COVID-19 Webinar Series Session 12 – From Data to Decisions: Mobilizing a Surveillance Infrastructure

April 24, 2020

COVID-19 Webinar Series Overview

This COVID-19 Webinar Series synthesizes the information in the headlines to provide cohesive insight into the status of the response and remaining gaps in the system that must be addressed to limit the severity of the COVID-19 outbreak in the United States.

Session 12 – From Data to Decisions: Mobilizing a Surveillance Infrastructure

As policymakers weigh options to ease social distancing measures, a robust surveillance infrastructure is critical to prevent another surge in cases. This system will require close collaboration between the federal government, states, localities, and many facets of the health care system. During this webinar, panelists explored options policymakers can pursue to strengthen our surveillance infrastructure as we move from mitigation to containment of the COVID-19 pandemic.

Highlighted topics from the conversation will include:
  • Barriers to information sharing and data reporting
  • Testing capacity
  • Privacy considerations
  • Bolstering public health infrastructure


  • James S. Blumenstock, M.A., Chief Program Officer for Health Security, Association of State and Territorial Health Officials
  • Joseph N.S. Eisenberg, Ph.D., MPH, John G. Searle Endowed Chair and Professor of Epidemiology, University of Michigan School of Public Health
  • Aaron Miri, MBA, CHCIO, FHIMSS, Chief Information Officer, The University of Texas at Austin Dell Medical School and UT Health Austin
  • Sarah J. Dash, MPH, President and CEO, Alliance for Health Policy (moderator)

The Alliance for Health Policy gratefully acknowledges the support of the National Institute of Health Care Management (NIHCM) and The Commonwealth Fund for this event.


2:00 p.m. – 2:05 p.m.     Welcome and Introductions

Sarah J. Dash, MPH

President and CEO, Alliance for Health Policy



2:05 p.m. – 2:25 p.m.    Opening Remarks


Chief Information Officer, The University of Texas at Austin Dell Medical School and UT Health Austin



Joseph N.S. Eisenberg, Ph.D., MPH

John G. Searle Endowed Chair and Professor of Epidemiology, University of Michigan School of Public Health


James S. Blumenstock, M.A.

Chief Program Officer for Health Security, Association of State and Territorial Health Officials


2:25 p.m. – 3:00 p.m.     Moderated Discussion

Event Resources

Resources by Event 

Session 1 – Flattening the Curve 

“This is How We Can Beat the Coronavirus.” Carroll, A. and Jha, A. The Atlantic. March 19. 2020. Available at 

“How Cities Around the World are Handling COVID-19– and Why We Need to Measure Their Preparedness.” Muggah, R. and Katz, R. World Economic Forum. March 17, 2020. Available at 

“A ‘Novel Virus’ Means We Have to Take on ‘Novel’ New Ways of Living our Lives Right Now.” Winters, K. Lexington Herald Leader. March 11, 2020. Available at 

“The Effect of Travel Restrictions on the Spread of the 2019 Novel Coronavirus (COVID-19) Outbreak. Chinazzi, M., Davis, J. Ajelli, M., et. al. Science. March 6, 2020. Available at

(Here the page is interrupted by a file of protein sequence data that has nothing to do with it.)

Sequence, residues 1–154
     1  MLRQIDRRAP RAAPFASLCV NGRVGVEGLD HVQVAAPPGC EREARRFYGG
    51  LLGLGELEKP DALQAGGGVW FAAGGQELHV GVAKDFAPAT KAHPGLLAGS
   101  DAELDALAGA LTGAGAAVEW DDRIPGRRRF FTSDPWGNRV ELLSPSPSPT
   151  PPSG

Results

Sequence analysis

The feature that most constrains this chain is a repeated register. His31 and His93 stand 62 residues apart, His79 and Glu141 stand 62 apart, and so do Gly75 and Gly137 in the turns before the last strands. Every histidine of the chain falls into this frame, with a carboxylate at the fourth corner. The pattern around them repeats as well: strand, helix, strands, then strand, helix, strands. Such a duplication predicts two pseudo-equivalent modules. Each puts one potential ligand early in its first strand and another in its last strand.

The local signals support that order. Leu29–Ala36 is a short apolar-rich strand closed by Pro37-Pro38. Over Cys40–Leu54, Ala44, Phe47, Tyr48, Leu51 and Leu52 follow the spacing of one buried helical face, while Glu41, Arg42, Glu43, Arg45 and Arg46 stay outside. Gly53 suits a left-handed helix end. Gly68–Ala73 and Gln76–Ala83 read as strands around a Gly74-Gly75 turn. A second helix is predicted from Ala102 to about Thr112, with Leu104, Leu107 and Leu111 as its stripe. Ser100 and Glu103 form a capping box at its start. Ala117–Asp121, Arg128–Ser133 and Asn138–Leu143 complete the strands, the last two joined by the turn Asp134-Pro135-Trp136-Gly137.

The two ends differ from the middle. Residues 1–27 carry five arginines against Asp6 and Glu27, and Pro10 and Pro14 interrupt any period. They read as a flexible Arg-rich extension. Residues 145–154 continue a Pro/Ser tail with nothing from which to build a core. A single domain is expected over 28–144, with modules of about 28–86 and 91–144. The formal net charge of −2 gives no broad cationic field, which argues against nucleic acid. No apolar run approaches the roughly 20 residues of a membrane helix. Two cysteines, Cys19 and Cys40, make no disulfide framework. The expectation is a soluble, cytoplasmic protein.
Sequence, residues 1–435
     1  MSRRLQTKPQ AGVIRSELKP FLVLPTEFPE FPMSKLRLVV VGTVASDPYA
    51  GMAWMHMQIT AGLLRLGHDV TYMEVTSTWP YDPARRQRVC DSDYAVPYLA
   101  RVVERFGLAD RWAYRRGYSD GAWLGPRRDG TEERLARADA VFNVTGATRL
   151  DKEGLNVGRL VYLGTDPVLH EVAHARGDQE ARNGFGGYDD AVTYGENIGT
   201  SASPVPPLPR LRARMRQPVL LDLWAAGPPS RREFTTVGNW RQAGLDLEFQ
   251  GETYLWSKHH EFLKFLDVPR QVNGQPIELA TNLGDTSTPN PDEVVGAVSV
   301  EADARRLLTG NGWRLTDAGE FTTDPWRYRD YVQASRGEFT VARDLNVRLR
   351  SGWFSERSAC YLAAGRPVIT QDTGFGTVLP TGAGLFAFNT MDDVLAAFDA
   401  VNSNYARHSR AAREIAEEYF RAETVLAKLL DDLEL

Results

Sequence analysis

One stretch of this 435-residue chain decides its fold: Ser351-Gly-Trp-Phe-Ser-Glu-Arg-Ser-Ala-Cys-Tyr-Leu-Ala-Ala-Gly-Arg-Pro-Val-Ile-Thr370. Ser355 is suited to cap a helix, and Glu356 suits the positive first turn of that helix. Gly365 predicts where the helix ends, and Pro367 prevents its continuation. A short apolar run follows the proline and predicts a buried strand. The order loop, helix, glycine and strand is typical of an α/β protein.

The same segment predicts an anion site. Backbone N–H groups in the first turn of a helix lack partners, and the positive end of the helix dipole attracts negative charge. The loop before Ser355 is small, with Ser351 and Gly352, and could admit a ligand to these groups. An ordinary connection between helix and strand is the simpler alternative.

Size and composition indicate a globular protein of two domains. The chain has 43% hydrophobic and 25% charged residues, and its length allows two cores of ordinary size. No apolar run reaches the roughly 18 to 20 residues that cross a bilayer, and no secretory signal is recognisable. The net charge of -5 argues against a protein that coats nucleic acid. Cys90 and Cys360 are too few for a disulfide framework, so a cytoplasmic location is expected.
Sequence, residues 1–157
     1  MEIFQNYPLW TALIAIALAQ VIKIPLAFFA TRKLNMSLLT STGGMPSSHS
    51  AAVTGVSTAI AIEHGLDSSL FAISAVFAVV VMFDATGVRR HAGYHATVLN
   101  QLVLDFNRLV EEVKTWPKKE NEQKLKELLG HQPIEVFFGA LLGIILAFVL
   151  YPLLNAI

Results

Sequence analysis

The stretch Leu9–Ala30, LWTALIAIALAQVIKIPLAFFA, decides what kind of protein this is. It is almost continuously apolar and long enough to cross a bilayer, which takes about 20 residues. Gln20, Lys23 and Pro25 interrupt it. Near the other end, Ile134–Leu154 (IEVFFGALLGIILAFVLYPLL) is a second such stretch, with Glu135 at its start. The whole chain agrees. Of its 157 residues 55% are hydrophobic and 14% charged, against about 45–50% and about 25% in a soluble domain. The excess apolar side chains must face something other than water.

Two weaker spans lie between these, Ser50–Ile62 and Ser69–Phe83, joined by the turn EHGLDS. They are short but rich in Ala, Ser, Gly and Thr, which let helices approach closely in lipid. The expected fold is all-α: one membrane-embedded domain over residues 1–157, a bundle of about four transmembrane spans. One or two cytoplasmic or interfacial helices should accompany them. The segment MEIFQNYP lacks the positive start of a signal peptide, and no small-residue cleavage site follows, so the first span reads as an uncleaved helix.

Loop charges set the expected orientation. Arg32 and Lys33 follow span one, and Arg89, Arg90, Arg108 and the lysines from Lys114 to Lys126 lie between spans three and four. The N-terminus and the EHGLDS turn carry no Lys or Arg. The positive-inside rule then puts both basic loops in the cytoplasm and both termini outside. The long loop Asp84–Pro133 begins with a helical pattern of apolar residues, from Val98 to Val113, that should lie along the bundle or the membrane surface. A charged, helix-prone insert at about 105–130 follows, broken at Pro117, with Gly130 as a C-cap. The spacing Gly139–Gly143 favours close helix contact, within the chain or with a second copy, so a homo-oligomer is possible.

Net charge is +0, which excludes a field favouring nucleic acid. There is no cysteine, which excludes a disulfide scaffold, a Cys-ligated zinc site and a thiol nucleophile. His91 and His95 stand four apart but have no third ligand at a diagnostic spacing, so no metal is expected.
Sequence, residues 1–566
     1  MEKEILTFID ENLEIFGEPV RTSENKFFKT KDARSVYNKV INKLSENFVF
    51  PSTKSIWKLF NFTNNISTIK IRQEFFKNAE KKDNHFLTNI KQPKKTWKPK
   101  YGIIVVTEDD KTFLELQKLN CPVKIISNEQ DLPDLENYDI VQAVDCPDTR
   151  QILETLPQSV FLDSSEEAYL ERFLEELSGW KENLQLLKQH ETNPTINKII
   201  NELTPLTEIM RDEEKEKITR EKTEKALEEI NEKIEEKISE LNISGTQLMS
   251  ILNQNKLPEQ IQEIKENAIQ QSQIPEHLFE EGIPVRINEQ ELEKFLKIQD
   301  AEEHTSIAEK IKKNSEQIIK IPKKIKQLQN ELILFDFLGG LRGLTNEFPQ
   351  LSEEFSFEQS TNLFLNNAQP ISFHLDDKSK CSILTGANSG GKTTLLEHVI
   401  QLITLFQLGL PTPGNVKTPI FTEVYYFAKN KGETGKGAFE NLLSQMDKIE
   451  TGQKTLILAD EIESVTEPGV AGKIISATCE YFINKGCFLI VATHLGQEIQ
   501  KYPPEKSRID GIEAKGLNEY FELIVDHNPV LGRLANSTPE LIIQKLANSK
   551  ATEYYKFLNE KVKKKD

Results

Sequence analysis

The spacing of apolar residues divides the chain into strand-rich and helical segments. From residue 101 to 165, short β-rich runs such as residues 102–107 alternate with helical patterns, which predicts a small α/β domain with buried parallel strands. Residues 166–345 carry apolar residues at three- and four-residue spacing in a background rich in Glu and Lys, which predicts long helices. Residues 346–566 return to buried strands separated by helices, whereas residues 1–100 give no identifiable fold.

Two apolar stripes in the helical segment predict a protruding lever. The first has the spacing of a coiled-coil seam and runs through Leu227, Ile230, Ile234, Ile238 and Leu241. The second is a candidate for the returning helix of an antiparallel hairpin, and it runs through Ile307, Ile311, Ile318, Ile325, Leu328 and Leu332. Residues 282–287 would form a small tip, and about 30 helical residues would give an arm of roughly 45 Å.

Session 2 – At the Front Line: Public Health and Health System Challenges 

“Leveraging Partnerships Across State Agencies Can Vastly Improve Critical Immunization Efforts.” Kennedy, S. and Wasserman, S. Academy Health. March 23, 2020. Available at 

“Are Hospitals Near Me Ready for Coronavirus? Here are Nine Different Scenarios.” Waldman, A. Shaw, A. Ngu A., et. al.  ProPublica. March 17, 2020. Available at 

“How Should U.S. Hospitals Prepare for Coronavirus Disease 2019 (COVID-19)? Chopra, V., Tone, E., Waldhorn, R., et. al. Annals of Internal Medicine. March 11, 2020. Available at 

“COVID-19 and Surgery: Resources for the Surgical Community.” American College of Surgeons. March 2020. Available at


Session 3 – Leading through Crisis: Perspectives from Governor Michael O. Leavitt 

“State Action on Coronavirus (COVID-19).” National Conference of State Legislatures. March 27, 2020. Available at 

“COVID-19 Resources for State Leaders.” The Council of State Governments. March 27, 2020. Available at 

“Governing in the Time of Coronavirus.” Boston Consulting Group. March 26, 2020. Available at 

“Adapting, Learning, and Caring During a Public Health Crisis.” Simpson, L. Academy Health. March 17, 2020. Available at 

“To Prepare for Coronavirus, Here’s What All of Us Must Do.” Leavitt, M. Fox News. March 5, 2020. Available at


Session 4 – Health System Capacity: Protecting Frontline Health Workers 

“COVID-19: Occupational Licensing During Public Emergencies.” National Conference of State Legislatures. March 24, 2020. Available at 

“Keeping the Coronavirus from Infecting Health-Care Workers.” Gawande, A. The New Yorker. March 21, 2020. Available at 

“American Hospitals Can Avoid Italy’s Fate.” Gottlieb, S. The Wall Street Journal. March 17, 2020. Available at 

“Creating the New Normal: The Clinician Response to COVID-19.” Lee, T. NEJM Catalyst. March 17, 2020. Available at 

“Hospital Readiness for COVID-19: Analysis of Bed Capacity and How it Varies Across the Country.” Blavin, F. and Amos, D. Urban Institute. March 2020. Available at


Session 5 – Health System Capacity: Mobilizing the Supply Chain 

“The Defense Production Act is No Cure for Coronavirus.” Antos, J. American Enterprise Institute. March 26, 2020. Available at